Immigration law in the United States can be complicated and confusing for anyone, especially someone who might not speak English as their first language. In today's environment of possible immigration reform, unscrupulous individuals are holding themselves out as immigration-service providers, offering assistance with visa petitions and green card applications. People who pay them for their services, however, rarely if ever see any benefit. Government agencies, from the Federal Trade Commission (FTC) to city officials, are pursuing and prosecuting alleged immigration-services scammers, and seeking to educate the public about their rights.
In order to provide immigration services to the public, a person must be a licensed attorney or have accreditation from the Board of Immigration Appeals (BIA). U.S. Citizenship and Immigration Services (USCIS) offers an overview of common scams targeting immigrants. Some scammers pose as USCIS officials on the telephone in order to obtain personal information for identity theft, or to demand payment to fix non-existent immigration problems. Similar scams may use email or social media instead of the telephone. Local businesses and websites may purport to offer assistance with immigration petitions and applications, despite having no legal authority to do so.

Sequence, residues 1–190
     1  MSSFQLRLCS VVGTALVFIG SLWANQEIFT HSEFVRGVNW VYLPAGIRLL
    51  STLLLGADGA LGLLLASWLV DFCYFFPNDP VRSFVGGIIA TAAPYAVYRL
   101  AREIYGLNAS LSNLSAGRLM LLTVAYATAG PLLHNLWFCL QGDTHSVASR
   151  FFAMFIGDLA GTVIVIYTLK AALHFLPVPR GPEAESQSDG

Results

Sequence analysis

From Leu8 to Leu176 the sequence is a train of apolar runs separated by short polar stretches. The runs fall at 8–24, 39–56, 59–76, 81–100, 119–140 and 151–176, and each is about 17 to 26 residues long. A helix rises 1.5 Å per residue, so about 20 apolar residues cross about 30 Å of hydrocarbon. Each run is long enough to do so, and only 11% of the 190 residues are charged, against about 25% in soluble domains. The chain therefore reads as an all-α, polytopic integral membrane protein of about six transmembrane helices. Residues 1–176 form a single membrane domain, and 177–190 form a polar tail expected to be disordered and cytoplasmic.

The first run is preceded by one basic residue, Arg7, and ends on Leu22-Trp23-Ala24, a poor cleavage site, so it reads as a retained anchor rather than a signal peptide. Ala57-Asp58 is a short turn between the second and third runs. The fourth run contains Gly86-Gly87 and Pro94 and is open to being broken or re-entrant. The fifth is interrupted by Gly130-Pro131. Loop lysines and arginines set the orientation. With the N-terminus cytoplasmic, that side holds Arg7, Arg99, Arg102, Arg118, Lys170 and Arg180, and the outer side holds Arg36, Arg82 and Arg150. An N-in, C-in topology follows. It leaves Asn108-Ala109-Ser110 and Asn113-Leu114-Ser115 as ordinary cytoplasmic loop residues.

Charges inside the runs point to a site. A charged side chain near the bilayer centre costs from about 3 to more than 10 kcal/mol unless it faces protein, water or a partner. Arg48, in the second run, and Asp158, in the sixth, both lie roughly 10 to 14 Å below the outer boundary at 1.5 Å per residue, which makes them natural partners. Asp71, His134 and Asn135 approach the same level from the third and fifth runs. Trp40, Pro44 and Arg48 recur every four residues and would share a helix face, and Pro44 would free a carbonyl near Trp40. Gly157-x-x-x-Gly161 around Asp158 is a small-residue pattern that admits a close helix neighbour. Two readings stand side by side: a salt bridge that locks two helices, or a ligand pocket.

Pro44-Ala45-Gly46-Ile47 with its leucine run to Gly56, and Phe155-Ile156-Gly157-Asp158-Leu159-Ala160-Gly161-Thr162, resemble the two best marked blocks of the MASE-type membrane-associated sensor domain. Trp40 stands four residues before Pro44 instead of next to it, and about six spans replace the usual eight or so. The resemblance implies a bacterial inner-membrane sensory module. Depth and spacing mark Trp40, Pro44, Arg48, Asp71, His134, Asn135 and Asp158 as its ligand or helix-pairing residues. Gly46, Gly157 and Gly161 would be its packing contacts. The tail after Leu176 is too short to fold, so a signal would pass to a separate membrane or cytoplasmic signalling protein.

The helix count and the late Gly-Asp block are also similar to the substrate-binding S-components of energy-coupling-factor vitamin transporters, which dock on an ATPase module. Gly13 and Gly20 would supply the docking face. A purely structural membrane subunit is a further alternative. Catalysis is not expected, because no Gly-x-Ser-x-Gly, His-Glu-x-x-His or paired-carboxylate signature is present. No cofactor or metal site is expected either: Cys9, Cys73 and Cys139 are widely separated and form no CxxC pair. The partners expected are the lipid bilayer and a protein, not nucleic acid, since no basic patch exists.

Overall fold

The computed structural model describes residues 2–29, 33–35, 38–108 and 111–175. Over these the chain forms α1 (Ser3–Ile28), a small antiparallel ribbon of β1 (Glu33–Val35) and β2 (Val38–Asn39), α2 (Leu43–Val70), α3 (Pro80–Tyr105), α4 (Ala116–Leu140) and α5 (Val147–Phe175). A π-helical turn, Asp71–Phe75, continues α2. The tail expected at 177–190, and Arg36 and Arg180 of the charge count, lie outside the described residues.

A common scam that targets immigrants from Latin American countries involves the use of the title Notario Público. In the Spanish-speaking world, a notary public performs many of the same functions as an attorney, possibly including immigration assistance. A notary public in the U.S., however, is not authorized to provide legal services (unless they are also an attorney). The FTC obtained a judgment against a Baltimore company that targeted Spanish-speaking individuals from El Salvador and Honduras and charged them a fee for immigration services that were rarely fulfilled. FTC v. Loma Int'l Business Group, No. 1:11-cv-01483, mem. order (D. Md., Mar. 24, 2014).